Prime Minister Najib Mikati of Lebanon is no stranger to Davos; in a ‘previous life,’ he used to attend the annual meetings of the World Economic Forum (WEF) as a tycoon businessman rubbing shoulders with the world’s most influential movers and shakers.
However, he arrives to Davos this year a different man. As head of the Lebanese government in a very delicate time, P.M Mikati comes with a whole new agenda.
In an exclusive interview with Al Arabiya, he says that during his participation at the WEF Annual Meeting he will seek to call on economic and political leaders to perceive Lebanon as the beacon of hope for freedom and pluralism in the Middle East.
THE SYRIAN CRISIS SPILL-OVER
As optimistic as he sounds, P.M. Najib Mikati’s plans are likely to be obstructed by questions around the ‘elephant in the room’: the Syrian crisis spill-over.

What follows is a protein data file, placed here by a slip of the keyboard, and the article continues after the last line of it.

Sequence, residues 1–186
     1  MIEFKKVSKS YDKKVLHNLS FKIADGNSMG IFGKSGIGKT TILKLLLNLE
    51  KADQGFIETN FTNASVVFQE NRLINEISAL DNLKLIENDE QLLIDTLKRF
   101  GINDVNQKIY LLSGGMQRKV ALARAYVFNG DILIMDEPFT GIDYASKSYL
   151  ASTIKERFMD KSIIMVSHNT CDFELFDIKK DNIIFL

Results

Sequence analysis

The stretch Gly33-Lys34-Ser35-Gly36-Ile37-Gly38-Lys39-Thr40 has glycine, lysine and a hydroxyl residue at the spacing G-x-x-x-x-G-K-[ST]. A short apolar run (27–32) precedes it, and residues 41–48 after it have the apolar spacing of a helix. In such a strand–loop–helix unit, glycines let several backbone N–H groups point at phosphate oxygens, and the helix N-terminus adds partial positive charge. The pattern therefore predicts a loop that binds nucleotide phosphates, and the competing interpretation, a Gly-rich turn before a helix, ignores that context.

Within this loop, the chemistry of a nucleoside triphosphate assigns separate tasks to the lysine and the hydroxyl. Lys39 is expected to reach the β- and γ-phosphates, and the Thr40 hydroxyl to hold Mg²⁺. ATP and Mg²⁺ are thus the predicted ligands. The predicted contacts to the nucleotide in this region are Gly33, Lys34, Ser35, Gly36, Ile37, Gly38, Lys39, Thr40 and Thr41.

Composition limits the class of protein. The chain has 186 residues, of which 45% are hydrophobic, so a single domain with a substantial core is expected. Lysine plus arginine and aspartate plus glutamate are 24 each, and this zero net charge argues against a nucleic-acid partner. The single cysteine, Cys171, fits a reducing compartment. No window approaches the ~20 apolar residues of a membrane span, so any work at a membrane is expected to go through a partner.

Throughout the interview, Lebanon’s P.M repeats that his government is doing what it takes to isolate Lebanon from the consequences of the atrocities happening in neighboring Syria.
Known to have been a close personal friend of President Bashar Al-Assad of Syria, Mikati tells Al Arabiya that it has been two years since they last spoke.
On the humanitarian side, Mr Mikati says that he “feels very sad about the violence that is claiming hundreds of innocent lives each day in Syria.”
As such, he stresses that his government is “committed to support, within its capacities, the displaced Syrian families awaiting their return to their homes.”
According to his figures, over 206,000 displaced Syrians would have been officially registered.
“The situation has reached an alarming level that Lebanon cannot handle on its own,” he adds as he explains that his government designed a sustainable response plan.
Economic recovery and inner-challenges
The inner-workings of Lebanon itself are not at their best and tourism in this Mediterranean country is suffering. Recent kidnapping incidents of some tourists from Gulf countries certainly didn’t help and the growing armed hegemony of Hezbollah doesn’t send comforting signals.